STARLIGHT #6:  I guess I’m glad my current phase of comic book reading is more focused on the art because every bit of Mark Millar’s storytelling in this was rubbish.  Duke’s escape, his cigar smoking return, that kid yelling out Duke’s name even though he is in the process of being hanged (seriously, how can Mark Millar not know how strangulation works?), the final showdown with Kingfisher and Duke…just a big old heaping pile of garbage.

But, of course, Goran Parlov does something great on every page. I could never make fun of his faces the way I do John Romita, Jr.:  his characters are cartoony but he can draw them at any angle and the exaggerations stay completely proportional.  And of course, the faux-Moebius stuff going on in the backgrounds (aided a ton by Ive Svorcina)?  I was just really happy to read 30+ pages of Parlov’s work in one go…at least until I got to the back page and remembered the price tag for doing so was five bucks.

Overall, Starlight was  a pretty good reminder why I don’t read Mark Millar comics anymore. I hope Parlov sees some decent Hollywood money out of it, and someone scoops the guy up to do their much better book.  But…well, let’s just say I’m very, very glad this was the mini and Jeff Parker and Doc Shaner’s Flash Gordon is the ongoing, let’s put it that way.

DEATHSTROKE #1:  Probably the book I was most excited to pick up this week since it’s the return of Tony Daniel writing and drawing a book while his editors go and huff glue, or do whatever it is they do instead of saying, “Uh, Tony Daniel, shouldn’t we have more of a story here?” like they probably should.

On the one hand, this has a lot of the stuff I love when Tony Daniel writes and draws his own book.  Blood-red skies? Check.  Hot women with some sort of disfigurement a la a Metal Gear Solid game?  Check.  Ganking stuff from Frank Miller, including creating an outrageously unsubtle Wolverine analog to make fun of? Check.  There’s several pages of really fun over-the-toppery, like when the bad guy gets free and just starts hacking pieces off Deathstroke with his own sword, or when Deathstroke returns the favor by lopping off people’s heads in a ridiculously glorious bottom-up perspective.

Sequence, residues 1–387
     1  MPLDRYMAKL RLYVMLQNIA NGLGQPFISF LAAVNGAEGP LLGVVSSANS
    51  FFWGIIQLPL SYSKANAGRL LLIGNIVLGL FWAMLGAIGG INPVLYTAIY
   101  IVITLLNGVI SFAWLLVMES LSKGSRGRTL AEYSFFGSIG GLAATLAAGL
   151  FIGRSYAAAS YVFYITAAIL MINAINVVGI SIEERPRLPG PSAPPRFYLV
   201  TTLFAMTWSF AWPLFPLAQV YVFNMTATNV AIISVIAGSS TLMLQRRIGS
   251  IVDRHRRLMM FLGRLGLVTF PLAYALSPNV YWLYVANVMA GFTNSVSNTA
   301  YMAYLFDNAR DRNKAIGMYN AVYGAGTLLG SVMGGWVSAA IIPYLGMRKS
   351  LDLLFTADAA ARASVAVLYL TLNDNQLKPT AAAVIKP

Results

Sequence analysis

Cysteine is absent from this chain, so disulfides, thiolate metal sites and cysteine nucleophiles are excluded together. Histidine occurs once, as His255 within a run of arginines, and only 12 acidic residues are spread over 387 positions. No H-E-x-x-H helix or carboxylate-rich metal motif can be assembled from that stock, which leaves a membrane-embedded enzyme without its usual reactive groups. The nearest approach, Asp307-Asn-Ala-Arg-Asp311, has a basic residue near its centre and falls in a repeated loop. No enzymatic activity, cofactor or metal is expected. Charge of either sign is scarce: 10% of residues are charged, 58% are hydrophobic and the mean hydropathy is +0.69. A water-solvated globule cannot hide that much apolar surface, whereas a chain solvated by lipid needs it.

But on the other hand, even with the embarrassingly low bar I set for Tony Daniel comics, this just barely cleared it.  Kinda knocked the bar off with its back foot as it went over, frankly. While I’m glad the book is free of the “this story is all about the hero and the hero’s past and how it’s really their most personal, dangerous dramatic adventure the hero’s ever had!”, it was also just a little too low-stakes for me: Deathstroke (which I just typo’d as Deathstorke, which I now pray to God someone will do in any Captain Carrot revival that comes down the pike) gets a contract to bump off a bunch of guys including Wolverine analog (also funny for a Captain Carrot revival: A wolverine named Wolverine?) and then it turns out to be a trap to get the secret memories hidden in Deathstroke’s head and then he has to swordfight his way out of an ambush?  I was pretty emotionally uninvested.  Plus, on the last page, beneath the newly young Deathstroke in his blood diaper yelling “What did you do to me?” there’s a next issue box hollering, “NEXT:  The Secret Past of Slade Wilson!”  So…cue up the story bit about Deathstroke’s past and how this is really the most personal, dangerous dramatic adventure he’s ever had. Damn it.

Still.  It’s only $2.99 and I have every hope Daniel will introduce thirty-seven villains next issue, some of which will look like ordinary household objects wearing top hats so…I’m far from giving up the book.

MEMETIC #1:  Jesus, another $4.99 book?  Sure, it’s 32 pages of story but…that’s a lot of investment for the first shot of a three issue miniseries, don’t you think?